Sturry resident Peta Boucher is one of many who have campaigned against the proposed development’s shortcomings. She said: “This and other nearby applications are not just about relieving traffic at the crossing – they’re about opening up new developments in the area.
“The road, with its 22,000 movements a day, would be built through the middle of the new estate. It would be huge, noisy and polluting, complete with a viaduct near the sewage works.
“The Local Plan suggested a figure of 1,000 houses between Sturry and Broad Oak, but that figure has already been pushed up.
“The scheme abuts ancient woodland [Den Grove Wood], where up to 50 per cent of the trees could be axed for roads reaching into the new housing. There would be a buffer zone around the wood – which will be closed to public access – but it would do nothing to protect the wildlife within the area or to create safe natural corridors. Councillors were concerned about dog mess killing the woods, but we have more serious concerns.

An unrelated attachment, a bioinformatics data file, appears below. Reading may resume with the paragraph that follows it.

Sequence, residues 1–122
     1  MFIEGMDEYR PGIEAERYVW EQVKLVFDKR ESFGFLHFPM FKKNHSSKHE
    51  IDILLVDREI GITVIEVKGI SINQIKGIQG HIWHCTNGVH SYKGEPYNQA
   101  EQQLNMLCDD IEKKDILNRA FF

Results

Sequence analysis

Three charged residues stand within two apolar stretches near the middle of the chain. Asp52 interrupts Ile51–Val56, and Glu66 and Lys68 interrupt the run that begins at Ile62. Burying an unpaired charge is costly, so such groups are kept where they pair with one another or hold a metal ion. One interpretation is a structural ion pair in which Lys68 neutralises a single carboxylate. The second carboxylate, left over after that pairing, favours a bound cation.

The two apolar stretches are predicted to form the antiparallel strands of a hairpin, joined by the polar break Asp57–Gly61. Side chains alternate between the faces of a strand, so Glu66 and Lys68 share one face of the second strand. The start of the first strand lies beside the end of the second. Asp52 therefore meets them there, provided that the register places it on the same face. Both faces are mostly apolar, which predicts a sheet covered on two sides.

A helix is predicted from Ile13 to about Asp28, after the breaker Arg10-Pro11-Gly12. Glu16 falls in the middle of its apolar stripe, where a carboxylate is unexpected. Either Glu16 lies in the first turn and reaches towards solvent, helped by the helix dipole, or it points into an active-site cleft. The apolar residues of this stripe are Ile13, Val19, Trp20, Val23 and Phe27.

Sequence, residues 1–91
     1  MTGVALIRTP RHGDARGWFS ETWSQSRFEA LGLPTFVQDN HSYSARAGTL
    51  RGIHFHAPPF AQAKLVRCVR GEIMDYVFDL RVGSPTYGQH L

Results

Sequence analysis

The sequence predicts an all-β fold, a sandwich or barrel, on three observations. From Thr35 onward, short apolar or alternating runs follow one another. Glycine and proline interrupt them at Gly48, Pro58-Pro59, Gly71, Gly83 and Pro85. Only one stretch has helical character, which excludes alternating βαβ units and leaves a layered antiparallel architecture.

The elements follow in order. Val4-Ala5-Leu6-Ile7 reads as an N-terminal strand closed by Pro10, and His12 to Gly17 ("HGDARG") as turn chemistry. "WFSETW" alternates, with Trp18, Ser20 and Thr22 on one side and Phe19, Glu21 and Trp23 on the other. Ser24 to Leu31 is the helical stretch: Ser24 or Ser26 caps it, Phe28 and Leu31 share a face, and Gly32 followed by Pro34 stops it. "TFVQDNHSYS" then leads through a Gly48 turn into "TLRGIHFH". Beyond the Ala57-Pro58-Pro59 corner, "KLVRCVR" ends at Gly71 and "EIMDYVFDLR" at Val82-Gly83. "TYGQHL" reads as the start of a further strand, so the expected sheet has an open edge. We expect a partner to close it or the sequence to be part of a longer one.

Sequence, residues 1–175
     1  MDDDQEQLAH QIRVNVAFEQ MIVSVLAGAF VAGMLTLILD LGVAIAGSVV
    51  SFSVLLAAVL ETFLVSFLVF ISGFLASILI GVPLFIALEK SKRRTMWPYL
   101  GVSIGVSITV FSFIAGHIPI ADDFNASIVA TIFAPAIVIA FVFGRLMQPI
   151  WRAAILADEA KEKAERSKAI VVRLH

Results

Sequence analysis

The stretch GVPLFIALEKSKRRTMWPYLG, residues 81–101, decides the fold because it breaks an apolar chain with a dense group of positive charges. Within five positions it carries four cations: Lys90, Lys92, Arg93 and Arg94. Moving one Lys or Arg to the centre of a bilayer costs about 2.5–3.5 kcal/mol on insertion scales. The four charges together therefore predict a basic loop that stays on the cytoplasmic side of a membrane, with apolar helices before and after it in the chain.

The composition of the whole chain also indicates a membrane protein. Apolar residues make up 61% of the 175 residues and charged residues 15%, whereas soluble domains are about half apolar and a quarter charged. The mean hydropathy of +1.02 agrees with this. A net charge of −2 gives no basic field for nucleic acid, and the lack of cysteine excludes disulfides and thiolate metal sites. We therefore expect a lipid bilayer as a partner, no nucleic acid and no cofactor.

“There is serious lead pollution on the former shooting ground that forms part of the site – you really would not want to build there.
We are not against new housing in the area, but we want good housing with proper facilities for all. This proposal will double the size of the villages without adding any new infrastructure.
“We know we need housing, but we need excellent housing. Apart from the fact no affordable homes are proposed, the density is far too high and some properties would be sandwiched between the road and the railway.
“A tiny community hall is planned on a roundabout, making it almost inaccessible! The developers say they will build a primary school, but they’re not needed as we already have Sturry and Hersden primaries. They’re not planning any playing fields for the estate residents as they will supposedly be provided by the new school.